“Color and light. There’s only color and light.
Yellow and white. Just blue and yellow and white.”
Color and Light – Sunday in the Park with George (Original Broadway Cast Soundtrack)
It does ring as a true sentiment, and it’s often quoted or cited by artists of all disciplines that it’s the object they’re really chasing; light. Colorado tends to have an abundant amount of light, so maybe that’s what we see in other people’s work, and that’s why that work appeals to us; light. My buddy James, who has seen a lot of this light up close, will quip, “most people taking people pictures have real advantage, they happen to be in beautiful places to start!” He’s climbed all of Colorado’s 14’ers, the vast majority of them twice. And he has the pictures to prove it.
I know I’m not the only person to be drawn to Colorado because of the mountains, and the extraordinary beauty they command. Scuttled away on labyrinthian networks of trails, standing raw in the face of a gail on a windswept ridge, or staring deeper into an abyss then I ever thought possible, this is what Colorado has meant to me.
But, there is a subtler side to Colorado. There are places where color exists in the most unlikely forms. The cityscapes, and the grasslands, have unique textures and their own vibrancy. What they might lack in grandeur, they make up with intimacy. One of these intimate and unique places is called the Paint Mines. The Paint Mines are formed by clay deposits and colored my a variety of miners along decomposed and fossilized sequoia trees. These deposits have been eroded, dug into, and exposed, forming caverns and hoodoos, and rocky blobs of all description. And, there’s the light…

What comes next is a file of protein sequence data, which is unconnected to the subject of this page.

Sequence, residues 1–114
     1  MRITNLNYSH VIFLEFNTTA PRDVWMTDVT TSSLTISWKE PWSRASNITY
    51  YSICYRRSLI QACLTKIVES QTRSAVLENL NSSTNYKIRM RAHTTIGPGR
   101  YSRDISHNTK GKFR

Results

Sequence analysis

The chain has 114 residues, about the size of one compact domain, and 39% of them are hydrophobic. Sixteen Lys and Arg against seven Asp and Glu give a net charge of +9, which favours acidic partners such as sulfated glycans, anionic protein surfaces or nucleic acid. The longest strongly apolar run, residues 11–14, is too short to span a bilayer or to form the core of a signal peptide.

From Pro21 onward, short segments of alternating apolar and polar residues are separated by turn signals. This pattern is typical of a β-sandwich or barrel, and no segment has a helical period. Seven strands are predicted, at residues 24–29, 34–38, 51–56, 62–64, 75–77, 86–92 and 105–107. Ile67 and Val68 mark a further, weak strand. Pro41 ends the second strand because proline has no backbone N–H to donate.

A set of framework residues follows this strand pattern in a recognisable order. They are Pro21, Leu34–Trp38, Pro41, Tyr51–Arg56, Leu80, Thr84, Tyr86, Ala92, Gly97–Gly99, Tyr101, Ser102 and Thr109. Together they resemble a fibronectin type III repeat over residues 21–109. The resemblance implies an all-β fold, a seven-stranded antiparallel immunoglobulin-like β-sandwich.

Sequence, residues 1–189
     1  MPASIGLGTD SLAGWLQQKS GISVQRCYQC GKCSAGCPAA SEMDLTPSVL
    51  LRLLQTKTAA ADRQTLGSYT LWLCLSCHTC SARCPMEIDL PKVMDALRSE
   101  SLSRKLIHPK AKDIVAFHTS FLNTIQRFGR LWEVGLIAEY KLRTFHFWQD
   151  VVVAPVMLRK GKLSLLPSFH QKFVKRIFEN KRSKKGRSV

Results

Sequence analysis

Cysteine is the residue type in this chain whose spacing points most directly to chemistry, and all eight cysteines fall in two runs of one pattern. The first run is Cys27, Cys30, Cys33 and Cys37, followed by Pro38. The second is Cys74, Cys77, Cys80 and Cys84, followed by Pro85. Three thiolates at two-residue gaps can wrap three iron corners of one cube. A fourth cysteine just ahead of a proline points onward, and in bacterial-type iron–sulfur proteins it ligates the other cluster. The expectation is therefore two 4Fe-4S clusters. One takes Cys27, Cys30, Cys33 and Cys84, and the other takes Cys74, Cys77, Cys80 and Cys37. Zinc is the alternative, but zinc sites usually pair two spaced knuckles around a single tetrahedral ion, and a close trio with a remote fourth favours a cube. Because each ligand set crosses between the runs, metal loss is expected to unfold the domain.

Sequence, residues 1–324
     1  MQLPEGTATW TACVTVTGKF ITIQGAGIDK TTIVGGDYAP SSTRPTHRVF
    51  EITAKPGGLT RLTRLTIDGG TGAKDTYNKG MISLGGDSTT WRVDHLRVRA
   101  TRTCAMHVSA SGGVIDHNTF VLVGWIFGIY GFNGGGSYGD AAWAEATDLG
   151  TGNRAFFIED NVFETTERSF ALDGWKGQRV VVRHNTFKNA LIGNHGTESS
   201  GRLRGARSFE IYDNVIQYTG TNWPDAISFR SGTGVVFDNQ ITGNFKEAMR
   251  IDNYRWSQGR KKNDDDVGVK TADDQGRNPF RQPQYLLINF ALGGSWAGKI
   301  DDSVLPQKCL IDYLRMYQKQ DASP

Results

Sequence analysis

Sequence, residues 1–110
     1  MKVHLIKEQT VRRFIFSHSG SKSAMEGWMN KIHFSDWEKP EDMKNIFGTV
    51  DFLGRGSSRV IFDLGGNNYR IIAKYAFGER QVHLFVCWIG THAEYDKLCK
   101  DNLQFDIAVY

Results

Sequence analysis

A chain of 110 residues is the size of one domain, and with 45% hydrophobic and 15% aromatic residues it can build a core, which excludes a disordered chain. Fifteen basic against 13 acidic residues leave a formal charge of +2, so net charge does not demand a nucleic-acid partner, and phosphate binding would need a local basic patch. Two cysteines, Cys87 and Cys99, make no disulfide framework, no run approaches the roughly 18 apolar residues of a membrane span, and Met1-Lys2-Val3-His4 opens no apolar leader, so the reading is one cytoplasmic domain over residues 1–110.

I moved to Colorado in January, 1988 because of the encouragement of my older brother,?Steve. We’d spent Christmas and New Years together, and I’d been relying on him more and more as a “big brother,” and friend, than I had at any point in my life. The five years difference in age was becoming a smaller and smaller gap the older we both got, and our connection now felt genuine and real. For New Years he took me to “The Princess Bride,” and we laughed uncontrollably through it.
As we finished loading ourselves into the car for our trek across the Great Plains, Steve remembered a tape he wanted to share. Quickly he popped it into the cassette player; Sunday in the Park with George – Soundtrack with the Original Broadway Cast. I little bit of my world changed that moment; I now had a much better understanding of “light.”